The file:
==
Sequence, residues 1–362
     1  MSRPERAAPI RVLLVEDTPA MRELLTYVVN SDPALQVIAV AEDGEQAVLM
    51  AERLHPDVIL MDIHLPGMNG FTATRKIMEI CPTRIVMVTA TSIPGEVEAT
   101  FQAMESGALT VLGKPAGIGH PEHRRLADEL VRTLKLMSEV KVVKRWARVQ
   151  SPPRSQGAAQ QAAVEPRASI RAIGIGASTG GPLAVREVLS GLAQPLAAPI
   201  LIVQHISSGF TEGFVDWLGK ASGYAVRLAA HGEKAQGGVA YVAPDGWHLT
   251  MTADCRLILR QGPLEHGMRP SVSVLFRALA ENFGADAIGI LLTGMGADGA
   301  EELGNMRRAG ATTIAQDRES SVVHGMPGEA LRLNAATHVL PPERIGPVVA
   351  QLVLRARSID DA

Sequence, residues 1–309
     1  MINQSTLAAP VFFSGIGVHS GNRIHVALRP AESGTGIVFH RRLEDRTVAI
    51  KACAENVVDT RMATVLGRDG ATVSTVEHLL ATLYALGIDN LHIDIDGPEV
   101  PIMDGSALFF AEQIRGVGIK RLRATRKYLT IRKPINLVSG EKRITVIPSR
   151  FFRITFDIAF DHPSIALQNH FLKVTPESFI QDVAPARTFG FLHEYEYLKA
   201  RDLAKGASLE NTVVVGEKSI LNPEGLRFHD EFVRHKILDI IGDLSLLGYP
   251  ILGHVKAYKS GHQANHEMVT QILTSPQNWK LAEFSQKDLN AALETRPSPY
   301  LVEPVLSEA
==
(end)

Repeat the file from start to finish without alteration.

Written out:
Sequence, residues 1–362
     1  MSRPERAAPI RVLLVEDTPA MRELLTYVVN SDPALQVIAV AEDGEQAVLM
    51  AERLHPDVIL MDIHLPGMNG FTATRKIMEI CPTRIVMVTA TSIPGEVEAT
   101  FQAMESGALT VLGKPAGIGH PEHRRLADEL VRTLKLMSEV KVVKRWARVQ
   151  SPPRSQGAAQ QAAVEPRASI RAIGIGASTG GPLAVREVLS GLAQPLAAPI
   201  LIVQHISSGF TEGFVDWLGK ASGYAVRLAA HGEKAQGGVA YVAPDGWHLT
   251  MTADCRLILR QGPLEHGMRP SVSVLFRALA ENFGADAIGI LLTGMGADGA
   301  EELGNMRRAG ATTIAQDRES SVVHGMPGEA LRLNAATHVL PPERIGPVVA
   351  QLVLRARSID DA

Sequence, residues 1–309
     1  MINQSTLAAP VFFSGIGVHS GNRIHVALRP AESGTGIVFH RRLEDRTVAI
    51  KACAENVVDT RMATVLGRDG ATVSTVEHLL ATLYALGIDN LHIDIDGPEV
   101  PIMDGSALFF AEQIRGVGIK RLRATRKYLT IRKPINLVSG EKRITVIPSR
   151  FFRITFDIAF DHPSIALQNH FLKVTPESFI QDVAPARTFG FLHEYEYLKA
   201  RDLAKGASLE NTVVVGEKSI LNPEGLRFHD EFVRHKILDI IGDLSLLGYP
   251  ILGHVKAYKS GHQANHEMVT QILTSPQNWK LAEFSQKDLN AALETRPSPY
   301  LVEPVLSEA